Collecting Accounts Receivable is an important part of every business. Here we use a recent textbook accounts receivable “what not to do” as an educational example. In the first and second installments we met Bob Businessowner and heard the unfortunate tale of his year and a half old invoice. We learned how Bob could have been paid 60 days sooner, we also learned that Bob failed to check in with his customer and had no idea that his invoice had been lost in the mail. In the third installment of this four part series we will use Bob’s missteps to demonstrate another easy habit that we can adopt to improve our accounts receivable collection timeline.
Quick Action – Maybe in this case, it’s understandable that Bob didn’t immediately see a red flag when there was no payment on October 10th. Remember, Bob’s customer was on a “pay-when-paid” agreement where it’s pretty common for the customer to take 60 days to pay. But by the time Bob was roasting the turkey and hanging tinsel on the tree, alarms should have been ringing. Generally speaking, Bob should be contacting any and all customers who have exceeded the terms on his invoices. Often the bottleneck is a simple fix. A missing W-9, an invoice lost in the mail, an approval person on vacation or the unexpected departure of an accountant with a stack of bills left in limbo. There are 100 innocent reasons Bob’s payment may have been delayed and most customers are happy to get the ball rolling on payment once they are aware of the problem. In this example, if Bob had called his customer in November; he would have learned that the customer moved and that his invoice never got to them. Processing could have begun and Bob could have been skipping off to the bank before New Year’s Eve. But there Bob sat, waiting oh-so-patiently to get paid. He sat and sat and sat, or maybe he was so busy he didn’t notice that he was owed money. If Bob is that busy, maybe he should contact My Staff Your Staff for some help with his accounting. Sadly, the more likely scenario is that Bob’s money situation became so desperate he was finally forced to contact his customer on this seriously overdue invoice.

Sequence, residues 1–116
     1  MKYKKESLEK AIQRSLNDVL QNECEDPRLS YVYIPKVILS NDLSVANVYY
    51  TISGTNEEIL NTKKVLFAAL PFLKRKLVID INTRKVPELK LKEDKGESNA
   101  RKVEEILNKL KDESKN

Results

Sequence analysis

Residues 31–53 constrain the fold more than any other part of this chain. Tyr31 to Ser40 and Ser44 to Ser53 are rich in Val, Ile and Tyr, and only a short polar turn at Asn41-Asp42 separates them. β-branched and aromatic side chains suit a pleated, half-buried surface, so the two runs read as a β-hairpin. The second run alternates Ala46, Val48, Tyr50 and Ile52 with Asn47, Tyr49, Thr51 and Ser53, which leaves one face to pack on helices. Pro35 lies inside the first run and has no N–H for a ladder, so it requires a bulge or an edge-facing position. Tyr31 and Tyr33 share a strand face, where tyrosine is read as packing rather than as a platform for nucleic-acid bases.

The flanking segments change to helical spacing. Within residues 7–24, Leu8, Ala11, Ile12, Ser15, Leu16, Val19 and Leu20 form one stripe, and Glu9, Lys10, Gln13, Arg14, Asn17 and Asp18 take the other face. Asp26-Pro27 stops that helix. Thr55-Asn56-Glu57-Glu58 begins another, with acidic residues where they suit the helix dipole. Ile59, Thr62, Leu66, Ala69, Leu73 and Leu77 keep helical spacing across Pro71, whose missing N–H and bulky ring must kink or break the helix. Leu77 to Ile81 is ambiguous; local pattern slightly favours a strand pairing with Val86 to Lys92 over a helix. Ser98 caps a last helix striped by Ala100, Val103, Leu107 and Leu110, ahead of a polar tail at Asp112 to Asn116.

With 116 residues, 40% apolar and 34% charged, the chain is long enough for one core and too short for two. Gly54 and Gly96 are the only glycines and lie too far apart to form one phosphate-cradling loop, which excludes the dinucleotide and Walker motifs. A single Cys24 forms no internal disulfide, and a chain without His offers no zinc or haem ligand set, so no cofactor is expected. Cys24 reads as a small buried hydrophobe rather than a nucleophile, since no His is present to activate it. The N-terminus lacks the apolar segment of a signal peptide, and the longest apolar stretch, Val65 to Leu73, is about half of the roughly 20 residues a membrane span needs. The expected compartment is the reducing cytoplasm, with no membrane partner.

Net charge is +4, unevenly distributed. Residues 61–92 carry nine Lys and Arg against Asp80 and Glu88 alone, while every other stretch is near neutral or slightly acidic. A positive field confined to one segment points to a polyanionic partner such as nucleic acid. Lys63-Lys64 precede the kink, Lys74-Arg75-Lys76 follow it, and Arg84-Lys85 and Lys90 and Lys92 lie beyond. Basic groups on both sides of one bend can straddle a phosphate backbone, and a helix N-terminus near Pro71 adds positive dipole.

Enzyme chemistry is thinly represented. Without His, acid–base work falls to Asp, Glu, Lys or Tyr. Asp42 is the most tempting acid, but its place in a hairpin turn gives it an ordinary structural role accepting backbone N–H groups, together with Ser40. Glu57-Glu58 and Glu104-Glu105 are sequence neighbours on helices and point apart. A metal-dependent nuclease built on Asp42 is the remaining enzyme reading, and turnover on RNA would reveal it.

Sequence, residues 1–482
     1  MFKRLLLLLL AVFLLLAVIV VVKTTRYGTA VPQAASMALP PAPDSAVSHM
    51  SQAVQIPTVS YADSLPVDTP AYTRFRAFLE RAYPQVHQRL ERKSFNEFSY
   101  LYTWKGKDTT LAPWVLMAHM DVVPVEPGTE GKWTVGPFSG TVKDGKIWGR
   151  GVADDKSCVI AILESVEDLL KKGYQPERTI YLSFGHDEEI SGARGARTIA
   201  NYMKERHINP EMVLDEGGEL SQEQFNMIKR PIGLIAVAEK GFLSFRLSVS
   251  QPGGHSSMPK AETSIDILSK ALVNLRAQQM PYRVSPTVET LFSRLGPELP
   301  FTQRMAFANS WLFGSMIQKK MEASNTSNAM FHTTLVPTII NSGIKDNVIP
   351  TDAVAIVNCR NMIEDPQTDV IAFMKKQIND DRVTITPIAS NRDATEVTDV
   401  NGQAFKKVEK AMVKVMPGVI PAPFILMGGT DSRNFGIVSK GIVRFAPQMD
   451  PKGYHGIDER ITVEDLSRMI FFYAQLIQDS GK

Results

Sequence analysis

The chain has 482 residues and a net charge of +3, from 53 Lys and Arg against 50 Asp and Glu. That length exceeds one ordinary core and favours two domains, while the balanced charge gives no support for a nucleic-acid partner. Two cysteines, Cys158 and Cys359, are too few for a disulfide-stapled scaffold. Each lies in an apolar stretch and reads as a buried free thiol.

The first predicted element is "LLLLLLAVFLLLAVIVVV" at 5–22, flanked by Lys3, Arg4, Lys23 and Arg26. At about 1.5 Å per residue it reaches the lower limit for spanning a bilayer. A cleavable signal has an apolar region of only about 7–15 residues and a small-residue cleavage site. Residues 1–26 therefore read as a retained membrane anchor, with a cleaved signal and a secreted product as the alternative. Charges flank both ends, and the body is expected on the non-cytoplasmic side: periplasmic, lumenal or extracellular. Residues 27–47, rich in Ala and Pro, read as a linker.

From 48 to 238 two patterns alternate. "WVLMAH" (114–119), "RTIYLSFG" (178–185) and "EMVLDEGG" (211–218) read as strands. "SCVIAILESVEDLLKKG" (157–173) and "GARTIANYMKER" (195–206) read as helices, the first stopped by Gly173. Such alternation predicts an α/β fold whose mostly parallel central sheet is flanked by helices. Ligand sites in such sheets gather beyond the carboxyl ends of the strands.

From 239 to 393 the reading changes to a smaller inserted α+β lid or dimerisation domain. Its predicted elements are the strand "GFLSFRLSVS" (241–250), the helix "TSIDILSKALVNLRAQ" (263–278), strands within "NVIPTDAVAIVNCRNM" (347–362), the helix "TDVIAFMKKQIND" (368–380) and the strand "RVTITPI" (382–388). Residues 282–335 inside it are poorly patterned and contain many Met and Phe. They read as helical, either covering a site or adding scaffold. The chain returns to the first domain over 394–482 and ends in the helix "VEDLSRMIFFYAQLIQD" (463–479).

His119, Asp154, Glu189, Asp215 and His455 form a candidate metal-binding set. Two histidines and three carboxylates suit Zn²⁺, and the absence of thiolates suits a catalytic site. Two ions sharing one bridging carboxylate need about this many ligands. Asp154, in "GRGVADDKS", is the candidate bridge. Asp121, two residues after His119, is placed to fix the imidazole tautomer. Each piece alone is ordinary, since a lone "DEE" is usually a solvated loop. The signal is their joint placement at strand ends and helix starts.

You may be wondering how Bob could have let the invoice go for so long. Like so many business owners, Bob thinks that money talk is insulting. I’m just going to come out and say it; we all need to get over that! A business relationship is founded on the agreement that goods or services are exchanged for payment. Discussing money with a customer should have NO negative connotations; it is not the same as discussing money owed with a friend, family member or lover. Bob did the work, he earned the money, he has honored his part of the agreement; therefore Bob deserves to be paid and he should never feel shy about discussing payment with his customer. Rather than thinking that he insults his customer by talking money, Bob should be wondering why his customer insults him by not paying.
The bottom line is that to help his bottom line, Bob needs to call his customers, he needs to call them as soon as they go past due (if not before), he needs to call or email them frequently to check in on how his payment is processing, and he needs to send monthly statements. The squeaky wheel gets the oil and Bob should remember that he is training his customers through his actions. Does Bob want to teach his customers that he is the vendor who must be paid promptly? Or that he is the vendor who will wait patiently while they put him off for months? Bob is not a bank so he should teach his customers that they cannot finance their business operations on his dime. Do you have a policy in place for swift action on past due accounts?